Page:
lido-caine. A) DOX causes a dose-dependent cardiomyopathy by a mechanism that appears to involve increased mitochondrial oxidative stress in the heart tissue, resulting in MPT induction and overall mitochondrial dysfunction, which can in some cases compromise cardiomyocyte survival. Inhibited mitochondrial respiration, increased MPT induction and decreased mitochondrial ATP synthesis after DOX treatment will disturb, among other cell processes, the maintenance of ionic homeostasis and heart contractility. B) Lidocaine-induced mitochondrial dys-function. Lidocaine has been described to interfere with the function of several mitochondrial proteins including the ATP synthase, the mito-chondrial lactate dehydrogenase (LDH) and mitomito-chondrial KATP channels. Disturbance of mitochondrial oxidation of substrates and

inhibi-tion of the mitochondrial ATP synthase can result into decreased cardiac ATP concentrainhibi-tion and consequent loss of ion homeostasis, which can explain cardiac rhythm disturbances observed in some patients.


mycobacterial infection. The molecule is metabolized in the liver via acetylation and dehydrazination [147], with the N-acetylhydrazine metabolite being responsible for the hepato-toxic effects by causing several symptoms including nausea, vomit, dark urine, fatigue, pain, melancholy and weakness. The interaction with cytochrome P450 system and increased oxidative stress have been associated with mitochondrial permeability alterations [133, 148].

Valproic acid is an antiepileptic drug that can provoke hepatotoxicity when used in inappropriate doses. The mole-cule is metabolized in the liver, via mitochondrial -oxidation and gluocoronic acid conjugation, producing mul-tiples metabolites. Valproic acid is activated and binds to reduced acetyl-CoA, which allows its translocation to the mitochondrial matrix, and the consequent inhibition of sev-eral mitochondrial enzymes and decreased fatty acid -oxidation [149].

Tamoxifen is a non-steroidal anti-estrogen agent, which has been successfully used as a post-operative adjuvant ther-apy for breast cancer [150]. Tamoxifen is generally well tolerated with few side effects, especially when used at a typical dose of 10 mg twice daily [150]. Reports of ta-moxifen-induced hepatotoxicity [150] may be explained by results obtained on isolated liver mitochondria. One particu-lar study observed that tamoxifen and/ or estradiol lead(s) to mitochondrial failure by acting on the flavin mononucleotide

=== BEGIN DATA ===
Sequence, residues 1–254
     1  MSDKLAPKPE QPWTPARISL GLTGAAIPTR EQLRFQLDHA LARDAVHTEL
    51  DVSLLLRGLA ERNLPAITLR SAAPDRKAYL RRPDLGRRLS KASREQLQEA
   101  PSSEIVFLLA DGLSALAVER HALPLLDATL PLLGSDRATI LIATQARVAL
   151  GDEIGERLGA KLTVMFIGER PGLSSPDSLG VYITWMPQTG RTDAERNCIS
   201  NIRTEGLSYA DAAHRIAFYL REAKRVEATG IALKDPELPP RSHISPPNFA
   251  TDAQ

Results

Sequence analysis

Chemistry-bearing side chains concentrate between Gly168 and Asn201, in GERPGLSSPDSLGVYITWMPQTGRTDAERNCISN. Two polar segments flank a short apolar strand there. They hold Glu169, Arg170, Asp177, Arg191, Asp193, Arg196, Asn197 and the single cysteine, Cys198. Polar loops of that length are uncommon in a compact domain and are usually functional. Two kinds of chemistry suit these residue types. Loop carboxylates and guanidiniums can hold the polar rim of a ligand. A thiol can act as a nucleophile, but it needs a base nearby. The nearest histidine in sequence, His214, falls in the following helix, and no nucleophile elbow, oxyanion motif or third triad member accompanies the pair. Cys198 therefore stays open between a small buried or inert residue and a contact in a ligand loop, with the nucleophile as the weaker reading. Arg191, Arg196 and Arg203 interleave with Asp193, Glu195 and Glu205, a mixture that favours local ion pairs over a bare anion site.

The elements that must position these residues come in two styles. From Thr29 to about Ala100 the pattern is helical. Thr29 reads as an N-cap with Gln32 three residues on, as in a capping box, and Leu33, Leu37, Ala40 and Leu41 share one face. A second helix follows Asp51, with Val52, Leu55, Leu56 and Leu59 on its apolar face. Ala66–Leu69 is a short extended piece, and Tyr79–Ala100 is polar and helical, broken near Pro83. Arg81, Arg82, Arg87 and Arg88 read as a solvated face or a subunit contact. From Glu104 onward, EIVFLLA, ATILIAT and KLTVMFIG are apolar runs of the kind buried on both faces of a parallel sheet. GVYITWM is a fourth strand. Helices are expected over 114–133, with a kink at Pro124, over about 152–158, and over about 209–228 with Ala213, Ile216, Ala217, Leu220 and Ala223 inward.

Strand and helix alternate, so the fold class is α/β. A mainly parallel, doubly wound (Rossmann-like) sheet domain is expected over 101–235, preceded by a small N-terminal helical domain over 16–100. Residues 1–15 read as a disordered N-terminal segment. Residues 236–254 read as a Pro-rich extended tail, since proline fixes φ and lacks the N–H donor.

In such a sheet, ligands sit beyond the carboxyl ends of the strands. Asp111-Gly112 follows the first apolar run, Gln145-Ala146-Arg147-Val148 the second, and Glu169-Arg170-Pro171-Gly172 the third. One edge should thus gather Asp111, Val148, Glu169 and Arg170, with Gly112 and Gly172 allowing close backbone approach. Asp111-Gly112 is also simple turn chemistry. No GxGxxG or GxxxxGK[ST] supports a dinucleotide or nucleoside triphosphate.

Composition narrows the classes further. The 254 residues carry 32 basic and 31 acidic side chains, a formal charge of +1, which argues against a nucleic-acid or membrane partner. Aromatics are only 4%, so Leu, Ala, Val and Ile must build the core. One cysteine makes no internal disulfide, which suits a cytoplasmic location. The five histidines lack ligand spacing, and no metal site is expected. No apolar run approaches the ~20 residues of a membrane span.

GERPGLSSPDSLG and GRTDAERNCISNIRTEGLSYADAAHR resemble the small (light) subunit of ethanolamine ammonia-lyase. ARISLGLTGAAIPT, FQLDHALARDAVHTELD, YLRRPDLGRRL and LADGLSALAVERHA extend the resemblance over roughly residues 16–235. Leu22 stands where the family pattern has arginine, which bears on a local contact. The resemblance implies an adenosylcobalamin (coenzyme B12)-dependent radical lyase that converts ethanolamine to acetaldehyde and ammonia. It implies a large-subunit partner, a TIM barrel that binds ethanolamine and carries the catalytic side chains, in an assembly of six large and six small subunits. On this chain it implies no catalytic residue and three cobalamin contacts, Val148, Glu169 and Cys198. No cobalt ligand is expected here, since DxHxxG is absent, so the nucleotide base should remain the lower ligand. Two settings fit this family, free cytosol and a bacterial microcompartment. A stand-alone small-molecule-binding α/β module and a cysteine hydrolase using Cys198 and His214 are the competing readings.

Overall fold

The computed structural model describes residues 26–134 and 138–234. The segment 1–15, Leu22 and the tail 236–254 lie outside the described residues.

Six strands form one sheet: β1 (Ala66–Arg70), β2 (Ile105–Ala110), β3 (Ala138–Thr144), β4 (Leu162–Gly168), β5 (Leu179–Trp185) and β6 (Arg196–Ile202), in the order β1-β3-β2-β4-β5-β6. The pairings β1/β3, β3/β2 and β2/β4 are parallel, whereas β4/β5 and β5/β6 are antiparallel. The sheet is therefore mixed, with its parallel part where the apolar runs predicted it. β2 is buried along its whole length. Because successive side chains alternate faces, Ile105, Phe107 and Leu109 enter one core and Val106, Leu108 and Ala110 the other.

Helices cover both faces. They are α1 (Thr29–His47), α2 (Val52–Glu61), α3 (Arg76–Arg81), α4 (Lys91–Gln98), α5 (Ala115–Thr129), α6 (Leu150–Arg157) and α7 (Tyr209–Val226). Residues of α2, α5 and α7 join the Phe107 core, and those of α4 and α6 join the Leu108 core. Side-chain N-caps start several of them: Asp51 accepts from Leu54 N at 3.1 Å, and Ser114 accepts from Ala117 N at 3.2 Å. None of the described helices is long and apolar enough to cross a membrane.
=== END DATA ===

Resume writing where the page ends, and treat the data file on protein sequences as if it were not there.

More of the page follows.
(FMN) site of mitochondrial complex I [151]. The data pro-vided mechanistic bases to understand the multiple cytotoxic effects of tamoxifen and also why tamoxifen-resistant breast cancer can revert to tamoxifen-sensitive with the use of es-tradiol at the apropriate time. Tamoxifen (25 μM) alone induced a significant increase in hydrogen peroxide produc-tion and state 4 respiraproduc-tion. In addiproduc-tion, a significant de-crease in the respiratory control ratio and in the transmem-brane electric potential were also observed. All of the delete-rious effects induced by tamoxifen were highly exacerbated in the presence of estradiol [151]. Tamoxifen-induced inhibi-tion of topoisomerases, mitochondrial DNA depleinhibi-tion and also the triggering of steatosis in mouse liver was also previ-ously demonstrated [152]. The study demonstrated that ta-moxifen is electrophoretically accumulated inside hepatic mitochondria, where it acutely impairs -oxidation and respi-ration. It has also been demonstrated that tamoxifen can decrease fat removal from the liver and steatosis, despite a secondary down-regulation of hepatic fatty acid synthase expression [152]. Another report confirmated that tamoxifen may cause toxicity through a mitochondrial mechanism since it demonstrated tamoxifen-induced oxidative stress and mi-tochondrial apoptosis via the stimulation of mimi-tochondrial nitric oxide synthase [153]. Interestingly, the report showed that tamoxifen increased intramitochondrial Ca2+ and